Each study was assessed for the presence of either brain or liver cell type-specific genes, depending on the tissue being evaluated. Cell type-specific datasets were downloaded from the Journal of Neuroscience website: [40] (neuron, astrocyte, oligodendrocyte), the Nature Neuroscience website: [41] (microglia) or the World Journal of Gastroenterology website: [42] (hepatocyte, hepatic stem cell and Kupffer cell). The criterion for brain cell type specificity was a four-fold enrichment [11]. A ten-fold enrichment was the primary criterion used for liver cell type specificity. (See [42] for detailed information.) Gene symbols from our data and the cell-type specific data sets were converted to the currently accepted gene symbol using the Database for Annotation, Visualization and Integrated Discovery (DAVID v6.7 [43], [44]). Converted gene symbols were compared to identify cell-type specific genes present in our data sets. Mean t values were calculated for the cell-type specific genes identified in each study/tissue and a z test was used to determine whether each of these values was equivalent to zero. A Bonferroni correction was applied to p values to correct for multiple comparisons within a tissue.

Ingenuity Pathways Analysis (Ingenuity® Systems, www.ingenuity.com) was used to assess microarray data for overrepresentation of known gene networks and biological functions. All detected genes in a data set were used as the reference set; cutoffs for fold change and the associated p value were 1.2 and 0.05, respectively. Default settings were used for all other parameters. For network analysis, network eligible molecules (data set molecules that interact with the Ingenuity Knowledge Base) were used as “seeds” to generate networks whose molecules’ interconnectedness is maximized relative to their connectedness with all molecules in the knowledge base. Network scores were calculated by taking the negative log10 of the p value computed with Fisher’s exact test. Functional analysis identified the biological functions and/or diseases that were most significant to each data set. A right-tailed Fisher’s exact test was used to calculate the p-value determining the probability that each biological function and/or disease assigned to that data set is due to chance alone.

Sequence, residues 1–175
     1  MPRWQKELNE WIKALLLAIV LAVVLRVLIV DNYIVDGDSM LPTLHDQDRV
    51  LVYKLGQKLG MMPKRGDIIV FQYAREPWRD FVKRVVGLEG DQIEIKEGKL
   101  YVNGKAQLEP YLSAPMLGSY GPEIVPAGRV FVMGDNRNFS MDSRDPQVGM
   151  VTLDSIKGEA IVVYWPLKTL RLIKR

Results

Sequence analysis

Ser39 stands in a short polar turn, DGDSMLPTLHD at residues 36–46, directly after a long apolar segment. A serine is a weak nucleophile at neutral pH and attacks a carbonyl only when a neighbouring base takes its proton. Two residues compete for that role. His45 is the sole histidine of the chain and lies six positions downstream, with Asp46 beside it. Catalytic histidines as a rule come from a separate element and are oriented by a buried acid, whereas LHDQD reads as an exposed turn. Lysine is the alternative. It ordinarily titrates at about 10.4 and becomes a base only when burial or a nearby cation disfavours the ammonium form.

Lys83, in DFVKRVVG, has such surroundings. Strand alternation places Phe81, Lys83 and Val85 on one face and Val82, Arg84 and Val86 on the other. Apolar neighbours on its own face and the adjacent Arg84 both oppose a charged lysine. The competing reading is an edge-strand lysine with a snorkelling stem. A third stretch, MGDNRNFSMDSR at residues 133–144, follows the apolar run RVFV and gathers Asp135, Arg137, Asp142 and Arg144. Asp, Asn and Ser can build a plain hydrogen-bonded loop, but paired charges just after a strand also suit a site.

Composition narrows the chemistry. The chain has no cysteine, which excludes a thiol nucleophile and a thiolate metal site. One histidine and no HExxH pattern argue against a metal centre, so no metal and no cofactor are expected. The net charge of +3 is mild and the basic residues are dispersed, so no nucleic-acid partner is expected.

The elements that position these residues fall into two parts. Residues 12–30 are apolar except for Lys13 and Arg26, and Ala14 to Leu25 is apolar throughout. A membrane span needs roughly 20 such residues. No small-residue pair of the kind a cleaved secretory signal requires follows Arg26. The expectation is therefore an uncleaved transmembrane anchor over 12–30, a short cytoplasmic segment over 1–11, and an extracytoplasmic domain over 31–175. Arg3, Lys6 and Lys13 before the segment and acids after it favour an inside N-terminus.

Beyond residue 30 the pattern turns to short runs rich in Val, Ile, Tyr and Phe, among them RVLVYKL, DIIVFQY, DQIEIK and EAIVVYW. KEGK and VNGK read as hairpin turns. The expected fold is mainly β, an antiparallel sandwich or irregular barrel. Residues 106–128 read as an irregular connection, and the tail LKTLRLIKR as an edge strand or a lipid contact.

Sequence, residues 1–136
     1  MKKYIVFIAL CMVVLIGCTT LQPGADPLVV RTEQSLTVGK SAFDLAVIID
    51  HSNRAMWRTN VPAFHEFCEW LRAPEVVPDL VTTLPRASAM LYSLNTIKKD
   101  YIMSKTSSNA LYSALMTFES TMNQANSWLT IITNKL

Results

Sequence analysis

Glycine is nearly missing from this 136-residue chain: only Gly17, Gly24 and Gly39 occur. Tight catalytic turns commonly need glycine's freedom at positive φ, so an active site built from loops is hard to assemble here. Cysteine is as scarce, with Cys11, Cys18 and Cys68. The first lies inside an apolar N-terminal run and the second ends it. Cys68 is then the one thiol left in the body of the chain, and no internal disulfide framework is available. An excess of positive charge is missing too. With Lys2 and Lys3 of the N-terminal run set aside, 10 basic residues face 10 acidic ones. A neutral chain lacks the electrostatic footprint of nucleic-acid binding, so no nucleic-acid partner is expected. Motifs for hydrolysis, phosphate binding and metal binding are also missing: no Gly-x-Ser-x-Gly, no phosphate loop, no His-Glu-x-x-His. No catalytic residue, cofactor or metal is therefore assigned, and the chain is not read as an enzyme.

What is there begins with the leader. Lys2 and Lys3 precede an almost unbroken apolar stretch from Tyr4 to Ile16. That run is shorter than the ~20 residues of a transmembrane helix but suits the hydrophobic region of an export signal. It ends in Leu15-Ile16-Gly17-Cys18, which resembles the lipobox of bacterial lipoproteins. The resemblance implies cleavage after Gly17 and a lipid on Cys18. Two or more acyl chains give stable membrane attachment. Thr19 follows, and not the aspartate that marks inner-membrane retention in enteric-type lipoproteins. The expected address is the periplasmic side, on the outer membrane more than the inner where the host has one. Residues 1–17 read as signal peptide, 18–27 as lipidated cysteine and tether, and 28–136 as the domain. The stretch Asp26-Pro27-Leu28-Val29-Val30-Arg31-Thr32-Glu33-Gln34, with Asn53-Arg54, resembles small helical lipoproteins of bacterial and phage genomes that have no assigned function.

Results

Ethanol Exposure

Daily ethanol consumption by mice in both the Chronic and CI treatment groups increased steadily during the first two weeks, then remained fairly stable for the remainder of the study (Figure 1A). During the last 10 days of ethanol exposure, mice in the CI group consumed more ethanol than those in the Chronic group (CI, n = 11, mean = 16 g/kg/day; Chronic, n = 10, mean = 13 g/kg/day; student’s t test, p = 0.047). Mice in the DID paradigm consumed greater quantities of ethanol during the 4 hour exposures than the 2 hour exposures but did not reach the total consumption levels attained in the other ethanol treatment paradigms. These results are consistent with previous publications [31], [45]. In all three models, mice increased their consumption of ethanol over time as indicated by a significant difference between the first and last four sessions (Figure 1B). (Percent increase and paired t test, Chronic, 24% increase, p = 0.05; CI, 59% increase, p = 6.4E–04; DID, 46% increase, p = 1.4E–04).

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Figure 1. Ethanol consumption and gene expression changes in liver and prefrontal cortex.

(A) Average daily ethanol intake for three ethanol treatments. The Chronic treatment (open circles) is continuous two bottle choice drinking, CI is chronic intermittent two bottle choice with access to alcohol every other day and DID is a limited daily access (2 hr or 4 hr) to alcohol. Only data for days of ethanol consumption are shown. (B) Change in ethanol intake between the first and last 4 days of each treatment (mean ± SEM). Asterisks identify a significant change in ethanol intake (paired t test, p≤0.05). (C) Total ethanol consumed (average of all animals) and the number of genes differentially expressed (DE, p<0.05) in PFC and liver in each treatment (open bars are prefrontal cortex, filled bars are liver). Values are mean ± SEM, for n = 10 (Chronic and DID), n = 11 (CI). For some values, error bars are smaller than the symbols.

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Gene Expression Changes